Sue Doubler



I live in Winchester, Massachusetts. I’m an avid birder, which takes me to where the birds go, in New England, and then also out into other parts of the country. I bird a lot in Massachusetts – in Ipswich, on the Cape, or on Plum Island, but I’m particularly interested in warblers, so every spring I end up following them to a little island in Maine called Monhegan Island over Memorial Day Weekend. After that, I go out to parts of the US like Lake Erie. I would say the Spring and Fall migrations are the most important parts of the year for birders.

The birding community is interesting, because while there are people you might see from year to year, everybody’s there for the birds, so basically if you’re in a particular place at a particular time, like Monhegan Island in May, everybody who puts on a pair of binoculars is “part of the community.” At that point, when we interact with each other, it’s all about what did you see, and where did you see it. Plum Island is another spot like that. There are some formal groups that you can bird with, but I’m not really part of any of them.

I’ve been birding in New England for around 40 years now, and over that time, I’ve started to notice a few specific changes. First of all, I would always do a trip to Woods Hole in Falmouth around mid-March, and it was always the first time I’d see robins. These days, you see robins all winter long! Another big one is the Carolina Wren  – hearing one of those was unusual. You didn’t hear them at all, or only very, very rarely, but now it’s pretty common to see them around. More generally, when I go to Monhegan Island, I’m seeing warblers there that we never saw that far north before.

We’re hearing about this sort of thing more often, too, so it seems unlikely that it’s just a few outliers being more widely reported. As a birder, I’m almost anticipating it now – it used to be you’d never even consider looking for a species from farther south, but now you might say, “well, it could be here!” So when you’re trying to identify a bird, you have to broaden your search. You can’t discount birds because of their historical location, because changes in weather patterns and wind patterns might be bringing them north.

I don’t know if there’s a trend for sure – I don’t know how to think about that. There appears to be more evidence of these things happening, and now it’s not just once in a lifetime you see a bird out of place – it seems more common now.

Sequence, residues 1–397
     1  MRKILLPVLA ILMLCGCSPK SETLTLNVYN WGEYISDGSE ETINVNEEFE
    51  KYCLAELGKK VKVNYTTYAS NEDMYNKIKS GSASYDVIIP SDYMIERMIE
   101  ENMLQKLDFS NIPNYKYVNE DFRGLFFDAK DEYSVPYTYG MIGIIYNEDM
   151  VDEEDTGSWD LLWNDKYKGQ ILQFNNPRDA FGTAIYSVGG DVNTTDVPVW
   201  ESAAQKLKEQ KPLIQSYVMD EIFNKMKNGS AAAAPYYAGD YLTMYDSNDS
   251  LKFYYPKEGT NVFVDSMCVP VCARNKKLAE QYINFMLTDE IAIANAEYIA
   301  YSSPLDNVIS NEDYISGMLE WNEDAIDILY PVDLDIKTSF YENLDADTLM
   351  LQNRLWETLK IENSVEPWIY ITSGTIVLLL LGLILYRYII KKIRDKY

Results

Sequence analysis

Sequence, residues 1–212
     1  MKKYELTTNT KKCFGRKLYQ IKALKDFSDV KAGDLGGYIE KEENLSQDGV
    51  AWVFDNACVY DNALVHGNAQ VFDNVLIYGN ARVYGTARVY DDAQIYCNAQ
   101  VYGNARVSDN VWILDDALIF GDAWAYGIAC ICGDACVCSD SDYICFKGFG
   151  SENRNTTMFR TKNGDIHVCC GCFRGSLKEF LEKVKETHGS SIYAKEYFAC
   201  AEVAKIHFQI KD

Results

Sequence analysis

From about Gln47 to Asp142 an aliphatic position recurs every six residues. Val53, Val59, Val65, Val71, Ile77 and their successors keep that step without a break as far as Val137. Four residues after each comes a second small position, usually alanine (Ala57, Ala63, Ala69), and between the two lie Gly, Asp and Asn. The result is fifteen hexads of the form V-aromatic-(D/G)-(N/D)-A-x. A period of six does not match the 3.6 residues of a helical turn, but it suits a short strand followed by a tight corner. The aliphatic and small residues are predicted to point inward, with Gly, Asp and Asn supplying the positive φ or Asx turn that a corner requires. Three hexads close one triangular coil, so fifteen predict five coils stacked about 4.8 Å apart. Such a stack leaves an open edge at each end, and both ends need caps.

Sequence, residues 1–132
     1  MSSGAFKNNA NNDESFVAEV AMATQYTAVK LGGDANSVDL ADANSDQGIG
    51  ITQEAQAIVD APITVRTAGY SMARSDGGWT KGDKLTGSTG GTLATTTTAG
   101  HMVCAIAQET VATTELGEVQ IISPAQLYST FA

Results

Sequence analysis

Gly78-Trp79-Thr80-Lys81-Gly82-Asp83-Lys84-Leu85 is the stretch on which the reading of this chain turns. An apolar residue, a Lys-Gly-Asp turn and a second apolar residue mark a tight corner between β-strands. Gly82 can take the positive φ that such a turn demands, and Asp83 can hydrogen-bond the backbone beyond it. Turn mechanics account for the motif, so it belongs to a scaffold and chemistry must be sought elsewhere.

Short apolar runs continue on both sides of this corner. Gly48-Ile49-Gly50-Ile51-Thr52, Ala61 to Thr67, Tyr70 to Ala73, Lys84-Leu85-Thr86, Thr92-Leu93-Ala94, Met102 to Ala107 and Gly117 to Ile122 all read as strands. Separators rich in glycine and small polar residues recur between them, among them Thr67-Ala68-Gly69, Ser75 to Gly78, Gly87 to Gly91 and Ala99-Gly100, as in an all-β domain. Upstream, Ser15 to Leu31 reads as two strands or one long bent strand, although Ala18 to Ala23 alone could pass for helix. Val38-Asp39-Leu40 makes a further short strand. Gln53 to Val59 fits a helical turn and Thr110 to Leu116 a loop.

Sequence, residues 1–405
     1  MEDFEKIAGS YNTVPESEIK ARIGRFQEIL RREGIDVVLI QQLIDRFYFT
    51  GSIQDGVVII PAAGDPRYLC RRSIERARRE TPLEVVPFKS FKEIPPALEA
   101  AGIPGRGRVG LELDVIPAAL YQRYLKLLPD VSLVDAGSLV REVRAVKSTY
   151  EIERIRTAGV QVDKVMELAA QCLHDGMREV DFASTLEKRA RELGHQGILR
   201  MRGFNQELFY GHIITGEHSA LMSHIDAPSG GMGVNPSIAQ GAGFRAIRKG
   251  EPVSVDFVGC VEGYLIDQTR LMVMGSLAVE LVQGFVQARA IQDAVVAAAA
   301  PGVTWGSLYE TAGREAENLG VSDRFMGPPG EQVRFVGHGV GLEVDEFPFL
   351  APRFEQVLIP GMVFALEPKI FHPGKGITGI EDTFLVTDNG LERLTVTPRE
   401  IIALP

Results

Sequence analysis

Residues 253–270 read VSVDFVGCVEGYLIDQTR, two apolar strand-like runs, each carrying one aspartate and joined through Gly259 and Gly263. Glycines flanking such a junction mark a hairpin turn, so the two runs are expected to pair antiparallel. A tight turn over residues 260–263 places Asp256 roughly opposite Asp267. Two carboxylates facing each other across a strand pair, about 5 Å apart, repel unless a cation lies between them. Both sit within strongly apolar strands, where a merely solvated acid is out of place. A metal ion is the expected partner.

All of these changes, and the temperature differences which ultimately affect food availability for birds - which has a big impact on where they end up being - my guess is that it’s all climate related, but I don’t know that there’s been enough time yet to really say hard and fast that these changes are climate related. That said, there’s data about green-up – plants opening up earlier in the spring as temperatures rise, and that would indicate food availability for birds, so my own personal view is that it’s due to the changing climate. It’s obvious that something is happening, and the only question is whether it’s human caused. It seems to me that rather than worrying about why the climate is changing, we should worry about what we’re going to do about it.

I think it’s important, in the long run, to base our understanding of this issue on evidence, rather than personal observation. We need to be able to compare what we’re seeing to actual data. I think that part of the problem we’re facing is that people aren’t feeling the evidence for themselves, so they’re rejecting what doesn’t seem right based on their experience. People need to go on more than just “well, you know, two years ago in Boston we had this huge snowstorm, we had ice all winter, nothing’s changing, based on my personal experience.” I think we’ve got to get to the hard data.

Most birders are in agreement that something’s going on, but in the field, which is where I usually interact with other birders, most of the discussions are something along the lines of, “what’s that bird?” rather than climate change. I think that given who birders are, though, they tend to be more environmentally conscious. These people pay attention to environmental issues, and they’ve got a connection to nature, and they drive Priuses.

Personally, when it comes to action, I’m intrigued by the idea of whether you can change a community. One example I found really interesting was the island of Vinalhaven, and its attempts to become carbon neutral. It’s the whole idea of moving beyond the level of driving a Prius instead of an SUV, or changing lightbulbs, and onto a level of taking action that will have a different sort of impact. It gets to the point where nothing that you can do seems big enough, and nothing that’s big enough seems doable. I think changing the scale of the problem might be one way forward. Don’t think of it as being so outrageously huge, and maybe it will seem like something that a community can get together and solve.

I think when it comes down to it, really solving the problem is going to take big policy changes, but that still leaves us with the question of what you can do as an individual. I think that groups like Mass Audubon could help there, with outreach. If somebody said, “here are five ways YOU can help resolve the problem,” and it’s something doable, then I think that might help. How do you contribute, and how does what you’re doing end up really making a difference? I think that’s the question – the line that needs to be drawn.